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Apr 22, 2017 11:11 AM EDT

Researchers from Michigan State University have found that sunflower seeds may have been playing a significant role in the increase of health risk in several low-income countries around the world. Apparently, its seeds are often contaminated with a toxin that is produced by molds.

The team of scientists found the frequent occurrence of aflatoxin in sunflower seeds and their products. This type of toxin is produced by Aspergillus molds and commonly infect corn, peanuts, pistachios and almonds.

The study has been published in the journal "PloS ONE." It is the first to find a link between aflatoxin contamination and sunflower seeds.

According to, chronic exposure to aflatoxin has been found to be the main cause of about 25,000 to 155,000 deaths worldwide annually from corn and peanuts alone. The study was conducted in Tanzania but it is not the only place affected by the problem.

Moreover, aflatoxin is one of the most powerful liver carcinogens known. Being able to detect and limit its presence in sunflower seeds and their products is expected to help save lives as well as help minimize liver disease in areas where sunflowers and their byproducts are consumed.

Gale Strasburg, MSU food science and human nutrition professor and one of the study's co-authors, siad that high aflatoxin levels prove that local authorities must put up interventions to stop contamination along the sunflower commodity value chain. He believes that follow-up research is important to investigate the intake rates of sunflower seed products in humans and animals, to inform exposure assessments and to better understand the role of sunflower seeds and cakes as a dietary aflatoxin source.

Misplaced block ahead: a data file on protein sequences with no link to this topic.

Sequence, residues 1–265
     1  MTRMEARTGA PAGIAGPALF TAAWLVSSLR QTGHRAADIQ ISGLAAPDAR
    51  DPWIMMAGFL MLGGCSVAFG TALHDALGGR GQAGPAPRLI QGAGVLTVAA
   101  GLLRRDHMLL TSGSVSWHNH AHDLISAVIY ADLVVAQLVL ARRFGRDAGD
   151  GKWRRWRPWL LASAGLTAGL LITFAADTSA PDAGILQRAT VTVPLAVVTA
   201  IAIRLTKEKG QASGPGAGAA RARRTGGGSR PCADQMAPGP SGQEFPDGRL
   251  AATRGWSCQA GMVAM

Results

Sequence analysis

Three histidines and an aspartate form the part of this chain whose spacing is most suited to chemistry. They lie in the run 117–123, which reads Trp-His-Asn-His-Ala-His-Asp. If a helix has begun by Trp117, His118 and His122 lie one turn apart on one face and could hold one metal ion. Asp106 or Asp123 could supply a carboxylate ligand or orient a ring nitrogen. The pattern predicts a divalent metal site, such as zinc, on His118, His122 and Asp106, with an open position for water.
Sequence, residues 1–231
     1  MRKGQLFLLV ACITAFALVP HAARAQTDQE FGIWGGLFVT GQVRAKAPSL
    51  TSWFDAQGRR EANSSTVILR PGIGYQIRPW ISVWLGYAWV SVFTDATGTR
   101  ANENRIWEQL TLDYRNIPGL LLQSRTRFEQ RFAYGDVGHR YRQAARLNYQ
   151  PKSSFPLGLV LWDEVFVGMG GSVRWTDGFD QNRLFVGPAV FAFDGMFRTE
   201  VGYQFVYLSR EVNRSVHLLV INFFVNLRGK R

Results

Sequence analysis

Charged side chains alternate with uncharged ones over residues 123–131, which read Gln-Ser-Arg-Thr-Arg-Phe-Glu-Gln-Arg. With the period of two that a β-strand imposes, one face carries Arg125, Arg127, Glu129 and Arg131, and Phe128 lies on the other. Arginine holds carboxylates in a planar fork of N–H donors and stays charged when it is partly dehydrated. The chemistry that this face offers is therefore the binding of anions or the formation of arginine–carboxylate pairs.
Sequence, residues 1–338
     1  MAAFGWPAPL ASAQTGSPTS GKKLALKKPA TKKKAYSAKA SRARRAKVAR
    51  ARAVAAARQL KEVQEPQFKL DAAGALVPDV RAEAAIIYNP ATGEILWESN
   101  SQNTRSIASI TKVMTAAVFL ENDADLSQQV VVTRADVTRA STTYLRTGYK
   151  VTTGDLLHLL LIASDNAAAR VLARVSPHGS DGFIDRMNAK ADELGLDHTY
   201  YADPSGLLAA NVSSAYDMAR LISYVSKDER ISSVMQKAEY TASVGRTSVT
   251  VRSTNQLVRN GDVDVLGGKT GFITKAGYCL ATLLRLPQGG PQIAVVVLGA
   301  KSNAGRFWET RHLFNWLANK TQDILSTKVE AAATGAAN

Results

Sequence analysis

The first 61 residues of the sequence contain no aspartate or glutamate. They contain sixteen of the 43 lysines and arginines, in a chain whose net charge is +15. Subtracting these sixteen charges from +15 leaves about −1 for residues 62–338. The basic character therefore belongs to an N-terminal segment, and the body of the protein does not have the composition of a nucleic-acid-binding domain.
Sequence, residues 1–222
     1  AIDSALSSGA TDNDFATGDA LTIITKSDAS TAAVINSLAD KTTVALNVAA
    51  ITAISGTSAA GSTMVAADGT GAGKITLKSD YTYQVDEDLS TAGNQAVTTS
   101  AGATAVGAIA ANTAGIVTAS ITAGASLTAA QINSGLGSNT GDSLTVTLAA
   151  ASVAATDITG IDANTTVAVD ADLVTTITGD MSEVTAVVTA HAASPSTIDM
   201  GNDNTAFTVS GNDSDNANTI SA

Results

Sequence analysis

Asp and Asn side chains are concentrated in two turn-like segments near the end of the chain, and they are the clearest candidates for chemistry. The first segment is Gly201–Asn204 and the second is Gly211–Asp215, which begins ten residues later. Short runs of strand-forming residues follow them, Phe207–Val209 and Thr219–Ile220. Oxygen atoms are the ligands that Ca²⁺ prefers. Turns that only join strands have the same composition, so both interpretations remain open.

It was noted that smallholder farmers in Tanzania grow sunflower for the seeds. They sell them to local millers who press the seeds for oil. It is then sold to local consumers for cooking while the remaining cakes are used as animal feed.

The seeds are infected by Aspergillus flavus or Aspergillus parasiticus. These are molds that produce aflatoxin.

Follows Sunflower, Sunflower Seeds, botany, Agriculture, Aflatoxin, Toxin, toxic, Mold, Michigan State University, science
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